Finished transfer onto yoke

The image above shows the yoke without the reproduction beneath it.  The final nuances of value and hue will be up to the creativity of the man who will be doing the needlepoint.  I will include a quality reproduction of the watercolor color comp for him to use as a reference guide.

This was a challenging and enjoyable project.  I welcome comments from those of you who needlepoint.  This was a bit of a shot in the dark for me since I do not needlepoint.

After final approval I will paint the design onto the yoke of the jacket.

Butterflies and Cone Flowers, needlepoint design

To view the original sketches and the first color comp of the needlepoint design click here.  I think the design and the colors will translate well for needlepoint.  There should be no problem obtaining the threads of various values for each of the colors.  Some areas are straight forward and others call on the creativity and experience of the man who will be doing the needlepoint on this project.  My hope is that he will find the design both challenging and enjoyable.

After deciding on the final pencil sketch of the design, I traced over the rendered sketch to create a simple outline drawing that I could photograph, transfer to my computer and print out full-scale onto a sheet of 140 pound watercolor paper.  I saved a great deal of time by using the camera and the computer system.  I then painted the final color comp on the arches watercolor paper.  I will use fabric paints to paint onto the needlepoint canvas of the jacket.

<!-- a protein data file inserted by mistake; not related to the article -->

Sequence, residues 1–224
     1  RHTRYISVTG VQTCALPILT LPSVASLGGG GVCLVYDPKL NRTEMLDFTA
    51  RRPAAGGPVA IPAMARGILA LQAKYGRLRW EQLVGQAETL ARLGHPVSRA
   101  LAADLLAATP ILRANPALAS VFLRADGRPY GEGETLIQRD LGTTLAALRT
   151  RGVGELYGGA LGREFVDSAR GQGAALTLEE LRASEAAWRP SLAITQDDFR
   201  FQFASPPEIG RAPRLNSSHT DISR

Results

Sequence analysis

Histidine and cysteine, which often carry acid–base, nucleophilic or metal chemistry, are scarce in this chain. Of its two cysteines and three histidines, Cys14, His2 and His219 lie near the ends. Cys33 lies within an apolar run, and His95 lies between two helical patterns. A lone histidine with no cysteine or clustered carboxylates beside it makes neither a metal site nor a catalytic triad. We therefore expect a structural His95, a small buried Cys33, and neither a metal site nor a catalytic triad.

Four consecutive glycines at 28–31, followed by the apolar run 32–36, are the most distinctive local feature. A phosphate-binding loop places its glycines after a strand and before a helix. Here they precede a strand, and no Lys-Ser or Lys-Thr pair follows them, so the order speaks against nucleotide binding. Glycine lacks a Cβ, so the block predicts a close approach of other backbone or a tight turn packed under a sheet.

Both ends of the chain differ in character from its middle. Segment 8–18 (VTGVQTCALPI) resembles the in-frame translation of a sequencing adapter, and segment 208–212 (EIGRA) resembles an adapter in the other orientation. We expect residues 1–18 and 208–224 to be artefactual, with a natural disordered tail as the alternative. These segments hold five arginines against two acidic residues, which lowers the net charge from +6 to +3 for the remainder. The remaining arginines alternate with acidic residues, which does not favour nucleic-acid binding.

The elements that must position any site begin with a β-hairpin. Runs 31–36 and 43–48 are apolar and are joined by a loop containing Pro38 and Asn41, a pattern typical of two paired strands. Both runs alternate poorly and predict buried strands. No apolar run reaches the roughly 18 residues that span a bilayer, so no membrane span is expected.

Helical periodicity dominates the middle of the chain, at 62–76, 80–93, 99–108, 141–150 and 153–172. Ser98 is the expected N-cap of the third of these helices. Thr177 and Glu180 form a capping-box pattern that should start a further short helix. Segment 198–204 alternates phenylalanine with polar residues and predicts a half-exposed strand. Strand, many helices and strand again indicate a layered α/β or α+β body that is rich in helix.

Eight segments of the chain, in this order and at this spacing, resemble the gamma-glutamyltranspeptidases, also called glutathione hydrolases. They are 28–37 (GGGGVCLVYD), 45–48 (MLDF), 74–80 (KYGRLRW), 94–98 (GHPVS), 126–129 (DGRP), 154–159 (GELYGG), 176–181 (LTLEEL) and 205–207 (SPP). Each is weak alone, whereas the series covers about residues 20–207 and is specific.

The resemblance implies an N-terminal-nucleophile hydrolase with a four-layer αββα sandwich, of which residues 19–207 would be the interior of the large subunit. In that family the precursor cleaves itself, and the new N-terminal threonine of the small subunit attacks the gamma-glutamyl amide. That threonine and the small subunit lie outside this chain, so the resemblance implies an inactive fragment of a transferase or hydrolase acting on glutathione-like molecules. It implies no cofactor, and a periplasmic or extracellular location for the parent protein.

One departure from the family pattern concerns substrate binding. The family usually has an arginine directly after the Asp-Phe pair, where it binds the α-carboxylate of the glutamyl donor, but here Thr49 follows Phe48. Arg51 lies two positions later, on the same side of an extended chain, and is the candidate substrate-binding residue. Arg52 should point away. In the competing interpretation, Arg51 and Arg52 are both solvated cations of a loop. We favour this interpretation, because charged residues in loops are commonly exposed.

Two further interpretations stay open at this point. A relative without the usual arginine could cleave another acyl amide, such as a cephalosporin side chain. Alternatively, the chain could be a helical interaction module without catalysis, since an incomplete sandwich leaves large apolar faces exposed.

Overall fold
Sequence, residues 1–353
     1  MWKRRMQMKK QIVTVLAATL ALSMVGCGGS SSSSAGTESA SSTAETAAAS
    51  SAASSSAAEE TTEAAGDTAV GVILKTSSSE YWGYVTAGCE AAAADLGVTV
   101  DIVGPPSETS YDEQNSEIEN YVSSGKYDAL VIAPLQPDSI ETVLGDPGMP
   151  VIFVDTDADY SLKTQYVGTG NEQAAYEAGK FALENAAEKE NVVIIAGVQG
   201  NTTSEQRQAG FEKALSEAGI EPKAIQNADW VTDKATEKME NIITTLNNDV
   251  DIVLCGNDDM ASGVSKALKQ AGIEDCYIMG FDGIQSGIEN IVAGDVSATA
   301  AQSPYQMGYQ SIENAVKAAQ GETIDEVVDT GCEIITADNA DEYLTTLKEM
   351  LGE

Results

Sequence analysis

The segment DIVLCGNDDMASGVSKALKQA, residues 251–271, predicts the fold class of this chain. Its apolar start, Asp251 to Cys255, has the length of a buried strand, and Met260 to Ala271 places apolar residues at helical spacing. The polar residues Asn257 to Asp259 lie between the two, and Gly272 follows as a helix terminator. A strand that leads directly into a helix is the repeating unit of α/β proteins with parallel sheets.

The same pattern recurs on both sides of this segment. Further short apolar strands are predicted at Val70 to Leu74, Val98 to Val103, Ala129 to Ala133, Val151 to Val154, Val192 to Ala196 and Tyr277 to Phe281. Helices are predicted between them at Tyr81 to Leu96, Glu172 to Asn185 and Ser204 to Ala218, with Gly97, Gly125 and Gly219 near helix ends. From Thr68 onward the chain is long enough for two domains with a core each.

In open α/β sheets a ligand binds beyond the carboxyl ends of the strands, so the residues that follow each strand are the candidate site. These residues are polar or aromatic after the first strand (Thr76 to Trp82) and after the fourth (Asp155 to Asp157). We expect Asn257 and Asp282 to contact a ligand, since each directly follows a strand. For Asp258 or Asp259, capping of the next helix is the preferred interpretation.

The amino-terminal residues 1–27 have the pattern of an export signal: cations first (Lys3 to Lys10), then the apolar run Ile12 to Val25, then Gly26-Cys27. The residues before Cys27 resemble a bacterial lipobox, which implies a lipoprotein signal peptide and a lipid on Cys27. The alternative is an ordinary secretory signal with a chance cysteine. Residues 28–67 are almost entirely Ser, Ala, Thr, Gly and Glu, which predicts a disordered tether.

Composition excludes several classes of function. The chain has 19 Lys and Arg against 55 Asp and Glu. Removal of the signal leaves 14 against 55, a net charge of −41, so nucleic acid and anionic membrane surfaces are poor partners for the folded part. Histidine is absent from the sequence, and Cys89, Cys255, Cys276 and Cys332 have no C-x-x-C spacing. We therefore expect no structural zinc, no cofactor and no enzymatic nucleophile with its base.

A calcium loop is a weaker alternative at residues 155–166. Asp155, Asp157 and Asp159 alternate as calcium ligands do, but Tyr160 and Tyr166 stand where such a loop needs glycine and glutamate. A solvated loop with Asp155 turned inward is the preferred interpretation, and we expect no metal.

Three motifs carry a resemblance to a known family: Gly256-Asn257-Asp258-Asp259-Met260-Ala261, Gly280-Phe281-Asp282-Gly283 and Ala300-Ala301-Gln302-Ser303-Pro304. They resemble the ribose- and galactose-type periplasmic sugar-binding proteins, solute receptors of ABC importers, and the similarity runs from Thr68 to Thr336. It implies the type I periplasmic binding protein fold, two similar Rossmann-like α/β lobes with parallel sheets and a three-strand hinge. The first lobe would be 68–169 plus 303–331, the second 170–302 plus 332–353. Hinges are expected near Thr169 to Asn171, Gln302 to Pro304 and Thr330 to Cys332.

Fortunately, formulas do not always fit the needs of a painting.

Detail of Illustration for cover of magazine, watercolor and pastel

I am having a hard time labeling the color scheme of this illustration I did in the early 90’s as a mock-up cover for Cricket Magazine.

Alexis, Mike and Nicole dressed for Sandy's wedding

The illustration was inspired by a “Fairy” themed birthday party for Alexis and Nicole.  Two of their friends dressed in the Flower Girl dresses I made for them.

I recall changing the color of the ruffles and trim from blue to pink for contrast against the large green mass of grass and trees.  Sarah’s hair bow became yellow to contrast against the purple of the distant mountain.   Both the yellow and the pink accents help to keep the flesh tones from popping out against the green.  In my attempt to analyze and label previous paintings with a color scheme I am forced to call this  a double complementary (green / pink) and (purple/yellow).

Any other opinions?

Below is the entire illustration.  The color is a bit off … I gifted the painting to Sarah’s mother before I had the ability to scan.

"Faeries" watercolor and pastel illustration

After submitting the illustration for publication, I decided to add a bit of color.

Dragons, Colored Pencil over Pen and Ink Illustration

In its black and white original state, the dragon illustration was published in 1997 on the cover of Once Upon A Time, a publication for writers and illustrators of children’s literature.

Pen and Ink illustration

Though I rarely use colored pencils, they seemed like the best option for coloring the completed pen and ink drawing.  I decided to use a double complementary color scheme, red/green and yellow/purple.  I wanted the fiery red and yellow to dominate.  I am not fond of red and green next to each other because they are too close in local color value.  I was able to keep the green of the dragon in the foreground light and bright while still maintaining a strong contrast in value with the high key yellow ledge.  The green dragons in the background create an easy transition from the ledge to the space beyond because the value of the green scales is so close to the value of the red sky.  I used the purple to add a bit of fantasy sparkle to the dragon wings and reflected light into the shadow sides of the rock cliffs.  A touch of red mixed into the yellow on the ledge, and the red blossoms in the bottom right keep the eye moving from the background space through the mid ground and up to the foreground where it is directed back to the sky by the direction of the blossoms.

When using such saturated colors, the effect is less chaotic when the palette is extremely limited as it is here.